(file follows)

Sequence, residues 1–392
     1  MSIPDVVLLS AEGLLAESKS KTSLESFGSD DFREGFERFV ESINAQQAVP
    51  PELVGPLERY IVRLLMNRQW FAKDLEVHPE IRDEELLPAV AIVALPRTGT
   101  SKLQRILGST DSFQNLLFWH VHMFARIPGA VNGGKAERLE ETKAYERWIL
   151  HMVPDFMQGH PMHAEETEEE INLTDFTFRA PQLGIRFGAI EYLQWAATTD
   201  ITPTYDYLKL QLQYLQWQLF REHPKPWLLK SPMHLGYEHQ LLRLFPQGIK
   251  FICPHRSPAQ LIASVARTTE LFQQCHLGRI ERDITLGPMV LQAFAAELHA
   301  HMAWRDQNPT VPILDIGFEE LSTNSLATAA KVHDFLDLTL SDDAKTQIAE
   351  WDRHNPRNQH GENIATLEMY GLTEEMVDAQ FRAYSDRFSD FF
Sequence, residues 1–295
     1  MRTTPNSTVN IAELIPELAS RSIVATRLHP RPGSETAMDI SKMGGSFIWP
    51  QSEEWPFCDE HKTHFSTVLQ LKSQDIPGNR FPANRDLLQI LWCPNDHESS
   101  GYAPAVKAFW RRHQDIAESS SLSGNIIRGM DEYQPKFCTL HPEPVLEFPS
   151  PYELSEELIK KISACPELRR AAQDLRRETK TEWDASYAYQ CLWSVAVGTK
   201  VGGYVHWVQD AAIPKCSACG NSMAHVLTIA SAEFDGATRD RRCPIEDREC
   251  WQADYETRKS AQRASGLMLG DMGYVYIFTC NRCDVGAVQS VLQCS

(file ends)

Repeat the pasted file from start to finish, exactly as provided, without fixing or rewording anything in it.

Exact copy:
Sequence, residues 1–392
     1  MSIPDVVLLS AEGLLAESKS KTSLESFGSD DFREGFERFV ESINAQQAVP
    51  PELVGPLERY IVRLLMNRQW FAKDLEVHPE IRDEELLPAV AIVALPRTGT
   101  SKLQRILGST DSFQNLLFWH VHMFARIPGA VNGGKAERLE ETKAYERWIL
   151  HMVPDFMQGH PMHAEETEEE INLTDFTFRA PQLGIRFGAI EYLQWAATTD
   201  ITPTYDYLKL QLQYLQWQLF REHPKPWLLK SPMHLGYEHQ LLRLFPQGIK
   251  FICPHRSPAQ LIASVARTTE LFQQCHLGRI ERDITLGPMV LQAFAAELHA
   301  HMAWRDQNPT VPILDIGFEE LSTNSLATAA KVHDFLDLTL SDDAKTQIAE
   351  WDRHNPRNQH GENIATLEMY GLTEEMVDAQ FRAYSDRFSD FF
Sequence, residues 1–295
     1  MRTTPNSTVN IAELIPELAS RSIVATRLHP RPGSETAMDI SKMGGSFIWP
    51  QSEEWPFCDE HKTHFSTVLQ LKSQDIPGNR FPANRDLLQI LWCPNDHESS
   101  GYAPAVKAFW RRHQDIAESS SLSGNIIRGM DEYQPKFCTL HPEPVLEFPS
   151  PYELSEELIK KISACPELRR AAQDLRRETK TEWDASYAYQ CLWSVAVGTK
   201  VGGYVHWVQD AAIPKCSACG NSMAHVLTIA SAEFDGATRD RRCPIEDREC
   251  WQADYETRKS AQRASGLMLG DMGYVYIFTC NRCDVGAVQS VLQCS